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January 31, 2009

Baker's Dozen settle fight lawsuit

San Francisco Chronicle (CA)

A civil lawsuit over a New Year's 2007 fight between a group of San Francisco men and members of a Yale University singing group has been resolved with an undisclosed financial settlement and statements of apology, attorneys said today. The settlement in a lawsuit filed by Sharyar Aziz Jr., a member of the a cappella group the Baker's Dozen, was filed in San Francisco Superior Court Thursday. The terms of the financial settlement were confidential, attorneys said.

The attacks happened during an early morning fight, reportedly involving dozens of young men, outside a Richmond District house party, where the singing group had been invited, on Jan. 1, 2007. Aziz had his jaw broken after being kicked repeatedly outside the home.

There had reportedly been drinking at the party and a confrontation between members of the Yale group and locals, who later arrived at the party, soon spilled out onto the street.

The case drew national media attention after police did not make any arrests that night and reports that locals at the party mocked the singing group after they sang the national anthem at midnight. Aziz filed the civil lawsuit against brothers Richard, Michael and James Aicardi and Brian Dwyer.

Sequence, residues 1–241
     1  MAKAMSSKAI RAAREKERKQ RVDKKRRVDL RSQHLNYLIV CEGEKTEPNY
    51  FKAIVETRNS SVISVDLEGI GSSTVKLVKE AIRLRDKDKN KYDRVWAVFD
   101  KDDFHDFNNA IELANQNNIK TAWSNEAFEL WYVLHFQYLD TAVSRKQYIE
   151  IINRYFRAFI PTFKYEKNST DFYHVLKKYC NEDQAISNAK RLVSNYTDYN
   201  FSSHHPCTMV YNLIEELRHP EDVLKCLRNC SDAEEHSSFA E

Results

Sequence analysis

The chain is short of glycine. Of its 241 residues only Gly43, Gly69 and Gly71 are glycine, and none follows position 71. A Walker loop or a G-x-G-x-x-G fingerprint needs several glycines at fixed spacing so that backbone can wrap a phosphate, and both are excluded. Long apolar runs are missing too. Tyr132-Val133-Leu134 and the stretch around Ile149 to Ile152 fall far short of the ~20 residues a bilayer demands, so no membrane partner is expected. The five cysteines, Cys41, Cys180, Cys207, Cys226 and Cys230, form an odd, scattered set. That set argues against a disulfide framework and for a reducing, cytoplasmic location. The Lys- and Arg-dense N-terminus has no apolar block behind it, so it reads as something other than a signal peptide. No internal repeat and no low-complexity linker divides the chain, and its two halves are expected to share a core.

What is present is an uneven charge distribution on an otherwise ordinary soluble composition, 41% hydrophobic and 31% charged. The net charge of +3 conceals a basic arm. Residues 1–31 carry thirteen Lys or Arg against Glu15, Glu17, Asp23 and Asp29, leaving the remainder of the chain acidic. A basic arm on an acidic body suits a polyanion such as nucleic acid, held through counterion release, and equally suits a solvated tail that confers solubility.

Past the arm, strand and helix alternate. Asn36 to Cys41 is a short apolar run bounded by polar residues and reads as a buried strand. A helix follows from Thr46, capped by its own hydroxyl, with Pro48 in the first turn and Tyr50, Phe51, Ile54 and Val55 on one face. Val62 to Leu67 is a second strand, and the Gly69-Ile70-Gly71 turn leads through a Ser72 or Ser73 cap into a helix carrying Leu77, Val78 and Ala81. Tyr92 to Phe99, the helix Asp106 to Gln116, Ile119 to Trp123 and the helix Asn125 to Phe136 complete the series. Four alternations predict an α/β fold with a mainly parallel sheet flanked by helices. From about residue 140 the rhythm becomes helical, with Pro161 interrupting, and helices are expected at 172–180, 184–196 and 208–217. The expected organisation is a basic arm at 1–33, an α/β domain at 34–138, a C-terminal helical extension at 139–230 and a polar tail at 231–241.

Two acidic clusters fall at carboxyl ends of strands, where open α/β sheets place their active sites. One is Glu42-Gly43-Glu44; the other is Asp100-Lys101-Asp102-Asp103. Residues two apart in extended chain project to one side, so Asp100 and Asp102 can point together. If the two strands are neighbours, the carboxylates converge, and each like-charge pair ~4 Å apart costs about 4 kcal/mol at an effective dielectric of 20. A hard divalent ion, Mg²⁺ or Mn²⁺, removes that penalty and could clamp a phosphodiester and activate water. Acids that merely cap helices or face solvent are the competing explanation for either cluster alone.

"We're glad that the case has come to a resolution as to these defendants, and it's an opportunity to move forward," Whitney Leigh, Aziz's attorney, said today. "We're glad that there's been an acknowledgement of responsibility," Leigh said, referring to written statements of apology signed by lawyers for Dwyer and the Aicardis. "There's an express apology that reflects the seriousness of the case and what happened," he said.

"It has been a difficult and an emotional dispute for all parties," said the Aicardis' attorney Steven McDonald. "I understand why the Aziz family was upset, and it has taken a toll on everyone." McDonald said his clients were "relieved" to put the matter behind them.

A judge threw out the most serious charges in a separate criminal case against Dwyer and Richard Aicardi in April 2008, ruling there was not sufficient evidence they were responsible. One assault charge on Aicardi was reduced to a misdemeanor. "The criminal justice system failed," said Leigh, "but we've been able to attain some justice through civil litigation."

What a bunch of nonsense this whole matter was. A case of too much booze, too much money, too many lawyers and an over-reacting media. Sing don't fight.

Posted by acapnews at January 31, 2009 12:29 AM

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